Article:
Karen Rose, OSB



Tuesday, January 12, 2016

School of Benedictine Spirituality

A good policy for living is “if you are on to something good, share it.” That’s what we sisters are doing and it even has a nameThe School of Benedictine Spirituality. We know it is a good thing because we are living it, Benedictine monastic life that is. The values of this spirituality are so livable–community and hospitality and prayer. Other values like obedience and humility and stability seem reserved to religious life, but really when you understand their meaning you see how each fits in anyone’s life. That learning would be with the course, LIVING BENEDICTINE VALUES.


And really this Benedictine way has been around more than 1,500 years; there must be a secret after all.   What do 21st century women in Stearns county Minnesota have in common with sixth century Benedict of Nursia, Italy? An insight into that offers an insight to the longevity of the Benedictine way. The HISTORY AND SPIRITUALITY OF THE BENEDICTINE TRADITION course introduces us to the secret.


ORA ET LABORA. PRAYER AND WORK. That is the Benedictine motto. It is simple and to the point. There are many ways to pray and the PRAYER AND WORSHIP IN THE BENEDICTINE TRADIITON will look at public and sacramental ways of praying while the course called lectio refers to the individual and personal way of praying. You come away using words like lectio and Liturgy of the Hours (LOH) and the Rule freely and with meaning!


If you are interested in understanding more about Benedictine spirituality, consider participating in the following course at the School of Benedictine Spirituality at Saint Benedict’s Monastery in St. Joseph, Minn. We are now taking registrations.


School of Benedictine Spirituality: Living Benedictine Values

January 29-30 and February 20-21 (Two meetings, Friday through Saturday on two weekends)

Time: 9 a.m. - 4:15 p.m.

This course, taught by Mary Reuter, OSB, is a prerequisite for all proceeding courses in the School. Learn about The Rule of Benedict as a guide to living a committed life that integrates Gospel values such as prayer, hospitality, community, respect for all creation and beauty. Benedictine spiritual practices such as Liturgy of the Hours, lectio divina and spiritual companioning will be introduced. Fee: $150 Sponsorship opportunities available.

To learn more, visit


We are onto something good – come and share it.

By: Kerry O'Reilly, OSB


Tuesday, January 5, 2016

Sensing a Call

My name is Sister Lisa Rose and I entered Saint Benedict’s Monastery in 1983. An interesting fact about me is that my birthday is on the same day on which we make our monastic profession. So for me this meant that it was my twenty-fifth birthday when I made my first profession and when I celebrated my fiftieth birthday it was also my twenty-fifth jubilee. The celebration was two-fold and a wonderful day to be with my community, family and friends.

My years in the community have taken me through many different ministries. I started in health care and currently work with our vocation team. As I work with vocations I am asked to tell my story of how I was called to join this community. My story begins as a student at the College of Saint Benedict. As I listened to God calling me to religious life I was confused and questioned, “why me?” The more I dialogued with others, their response was usually: “Oh I knew that.”  Why is that I could not see what others were seeing within me?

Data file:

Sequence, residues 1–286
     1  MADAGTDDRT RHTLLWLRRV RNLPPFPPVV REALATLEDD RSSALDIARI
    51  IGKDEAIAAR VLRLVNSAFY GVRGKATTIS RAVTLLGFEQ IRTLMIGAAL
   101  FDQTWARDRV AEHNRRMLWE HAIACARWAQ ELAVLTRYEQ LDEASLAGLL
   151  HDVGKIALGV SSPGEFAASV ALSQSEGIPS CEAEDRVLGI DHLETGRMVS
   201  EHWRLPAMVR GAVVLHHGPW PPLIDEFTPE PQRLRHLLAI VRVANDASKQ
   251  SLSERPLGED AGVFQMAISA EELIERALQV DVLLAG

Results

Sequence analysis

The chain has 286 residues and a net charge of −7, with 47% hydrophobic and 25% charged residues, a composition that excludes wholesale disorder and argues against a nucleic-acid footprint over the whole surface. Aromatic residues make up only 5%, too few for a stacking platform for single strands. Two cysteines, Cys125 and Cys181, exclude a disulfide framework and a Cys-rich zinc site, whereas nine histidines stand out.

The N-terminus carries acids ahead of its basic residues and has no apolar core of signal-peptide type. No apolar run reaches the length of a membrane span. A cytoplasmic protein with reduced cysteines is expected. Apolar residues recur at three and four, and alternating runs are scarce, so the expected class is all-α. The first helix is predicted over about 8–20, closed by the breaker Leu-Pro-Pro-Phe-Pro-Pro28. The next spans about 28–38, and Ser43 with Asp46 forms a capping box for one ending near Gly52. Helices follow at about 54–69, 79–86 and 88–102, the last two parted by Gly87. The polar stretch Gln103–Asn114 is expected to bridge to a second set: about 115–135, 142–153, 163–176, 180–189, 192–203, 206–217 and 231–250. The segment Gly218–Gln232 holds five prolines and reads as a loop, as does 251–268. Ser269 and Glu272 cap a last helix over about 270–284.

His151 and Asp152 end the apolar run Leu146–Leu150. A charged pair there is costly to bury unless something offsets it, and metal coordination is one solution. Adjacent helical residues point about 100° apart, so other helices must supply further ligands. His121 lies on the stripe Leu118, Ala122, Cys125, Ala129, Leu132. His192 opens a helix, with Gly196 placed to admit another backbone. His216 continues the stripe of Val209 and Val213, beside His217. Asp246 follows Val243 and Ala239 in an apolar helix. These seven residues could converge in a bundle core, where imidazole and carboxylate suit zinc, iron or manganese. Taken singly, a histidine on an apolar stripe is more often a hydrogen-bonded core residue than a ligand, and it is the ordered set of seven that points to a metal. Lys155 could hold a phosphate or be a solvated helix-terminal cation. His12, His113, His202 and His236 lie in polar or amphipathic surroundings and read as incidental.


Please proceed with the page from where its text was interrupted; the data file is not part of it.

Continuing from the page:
So now that I am a member of our vocation team I will have the privilege of walking with women who, as I was, are sensing a call to religious life. I am grateful for this new ministry, because I believe that as I listen to their stories I will be able to recall my own story. In this way I will deepen my commitment to our community through our common life of prayer and work as together we seek God.

Tuesday, December 29, 2015

Learning to Listen

Sisters Clare Shadig and Ephrem Hollermann
I’m really not all that good at listening. I wish I were, but I know I am not. If a dear friend wants to share a story with me about losing her job I find myself making suggestions rather than letting her talk it out. That’s why I know I am not a good listener. 

Not being in another person’s position, how can I know what is better for him or her?  Who, better than the sharing person, can decipher what works for them? Basically, the tellers of the story are the ones who can come up with a response far better than the listener. 

A good listener lets people tell their story with all the blatant facts, desires, regrets or feelings they may have, and does not judge them for any of it. They encourage them to continue their story. If I shift the focus to my experience instead of keeping it on theirs I am interrupting their chain of thought. Refraining from small distracting movements such as checking who is going past the window and keeping an open mind for whatever is shared is also helpful to the speaker. 

Moments of silence are just fine; they give the speaker time to listen to his/her deepest thoughts. I once read that when someone shares with a good listener, they may learn information about themselves that they never knew they knew. Wow!

As for me, I can work on myself to become a better listener. Besides following the directives mentioned earlier, I can also encourage the person by keeping eye contact and by using simple gestures that show I am processing with him or her.

Careful listening affirms the speaker and encourages him/her to listen to what comes to them.  


Janet Thielges, OSB